The Celebration Series, Albums 1-10 (Frederick Harris Music) are great when you buy BOTH the STUDENT GUIDE and the PIANO REPERTOIRE ALBUM. The student guide offers wonderful backgrounds on the composers, as well as DETAILED instructions on technique, form, and how to go about practicing. Cassettes are also available, making this another good choice if you want to work on some pieces independently.
I absolutely support any student bringing in ideas on what they wanted to work on; if this is an issue you may need to find another teacher! A qualified teacher who is interested in what YOU desire to learn will be able to find APPROPIATE arrangements of pieces (Gershwin, Joplin, etc.) and will encourage you to have an imput concerning the direction of your lessons. You may not get to learn ANY piece you bring in (yet!), but you can certainly find appropiate pieces AT YOUR CURRENT READING AND TECHNICAL LEVEL. If you can find CLARK'S KEYBOARD THEORY Books 1-6, check them out! You'll get a chance use all of that theory in creative ways AT THE KEYBOARD, and may discover a knack for composing as well! I admire your desire to continue lessons; never stop learning!
-- John Bisceglia (Bisceglia2000@yahoo.com), April 07, 2001.
I think the Bastien Piano Literature books are wonderful samplings of period works (usually include classical period, baroque, romantic and some contemporary).
-- Susan W (SWBrooks1@aol.com), April 07, 2001.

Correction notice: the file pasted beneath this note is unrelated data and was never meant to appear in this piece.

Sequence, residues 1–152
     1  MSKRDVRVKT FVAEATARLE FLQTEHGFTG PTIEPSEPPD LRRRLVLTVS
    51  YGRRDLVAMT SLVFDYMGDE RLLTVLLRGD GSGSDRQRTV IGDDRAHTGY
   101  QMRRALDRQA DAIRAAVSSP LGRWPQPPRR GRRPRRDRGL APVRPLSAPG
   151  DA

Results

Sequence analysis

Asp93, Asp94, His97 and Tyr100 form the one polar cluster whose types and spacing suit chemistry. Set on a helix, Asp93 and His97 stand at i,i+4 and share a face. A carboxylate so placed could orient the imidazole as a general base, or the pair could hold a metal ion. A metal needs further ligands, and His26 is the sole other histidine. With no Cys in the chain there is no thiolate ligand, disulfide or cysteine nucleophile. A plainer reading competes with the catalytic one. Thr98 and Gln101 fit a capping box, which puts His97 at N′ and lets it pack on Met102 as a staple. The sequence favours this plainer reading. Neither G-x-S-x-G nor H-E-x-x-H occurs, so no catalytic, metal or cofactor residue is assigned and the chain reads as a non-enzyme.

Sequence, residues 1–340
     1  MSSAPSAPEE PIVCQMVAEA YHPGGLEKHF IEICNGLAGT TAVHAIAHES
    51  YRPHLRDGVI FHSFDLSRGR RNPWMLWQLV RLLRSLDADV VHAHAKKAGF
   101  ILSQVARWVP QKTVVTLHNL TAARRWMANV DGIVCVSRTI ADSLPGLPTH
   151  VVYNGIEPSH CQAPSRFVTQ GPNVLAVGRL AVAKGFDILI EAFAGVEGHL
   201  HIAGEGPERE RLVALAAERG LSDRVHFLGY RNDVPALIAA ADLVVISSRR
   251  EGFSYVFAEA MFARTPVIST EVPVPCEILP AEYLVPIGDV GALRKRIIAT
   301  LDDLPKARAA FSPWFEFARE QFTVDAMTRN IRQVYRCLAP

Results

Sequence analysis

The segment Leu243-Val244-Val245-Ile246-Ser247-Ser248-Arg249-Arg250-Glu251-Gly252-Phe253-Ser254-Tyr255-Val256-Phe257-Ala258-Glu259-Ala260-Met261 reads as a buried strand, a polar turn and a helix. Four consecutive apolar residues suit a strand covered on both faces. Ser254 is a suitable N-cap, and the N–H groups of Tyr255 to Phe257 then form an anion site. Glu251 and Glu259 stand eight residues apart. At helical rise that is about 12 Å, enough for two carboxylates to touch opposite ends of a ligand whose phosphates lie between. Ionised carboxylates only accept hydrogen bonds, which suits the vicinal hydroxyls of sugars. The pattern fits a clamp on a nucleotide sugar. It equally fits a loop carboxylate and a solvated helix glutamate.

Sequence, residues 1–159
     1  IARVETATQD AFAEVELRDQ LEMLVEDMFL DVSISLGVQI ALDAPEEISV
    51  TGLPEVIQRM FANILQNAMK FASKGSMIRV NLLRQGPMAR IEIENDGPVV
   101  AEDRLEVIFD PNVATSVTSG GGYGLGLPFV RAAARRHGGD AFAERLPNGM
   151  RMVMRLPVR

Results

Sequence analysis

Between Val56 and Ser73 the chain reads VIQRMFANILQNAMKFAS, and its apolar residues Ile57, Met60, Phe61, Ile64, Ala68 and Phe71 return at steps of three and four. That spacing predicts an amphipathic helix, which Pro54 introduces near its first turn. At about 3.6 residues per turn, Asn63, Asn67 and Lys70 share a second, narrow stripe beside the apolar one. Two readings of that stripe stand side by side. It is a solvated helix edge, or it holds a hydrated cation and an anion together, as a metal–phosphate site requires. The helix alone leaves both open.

I think your teacher should be happy for you to bring in music you would like to learn. It doesn't take a PHD to know that any student will work harder on something they like to play, and will work on stuff they don't like so well if it leads to playing what they like to play. And teachers also learn new music that way, and I imagine are sometimes really surprised by what their students want. If you can let them know where you want to go, they should be able to help you get there. I hope you can talk to your teacher and set up a program that you are both happy with. That should be very possible.
-- Mary Jo (email@example.com), April 11, 2001.
I echo the suggestions for the Alfred Essential Keyboard series. Also the Bastien Piano Literature Vol. 1 or Vol. 2 (though there is much less there). These and several other collections are listed at www.pedaplus.com/favorites_index1.html. Browse through the elementary supplementary books (look for later levels) and the various intermediate periods and collections - you will find that some areas have more listed than others.
-- Jon Ensminger (firstname.lastname@example.org), April 24, 2001.
Bastien piano lit. bks.
Kjos Master Composer library (ed. Snell): each book is devoted to a single composer & is affordably priced. CD recordings are available separately.
Visit www.kjos.com for information on the above 2 series. Hope this helps.
-- Music Educator (email@example.com), April 30, 2001.
My favorite classical books are the Alfred Masterworks Classics. There are tapes and CDs of the music also. If you listen to the music you may develop a taste for it because it becomes familiar. So many of my students want to only play pieces that they know. Your ear can help you a lot if you recognize the piece.
-- Chris Simpson (firstname.lastname@example.org), June 08, 2001.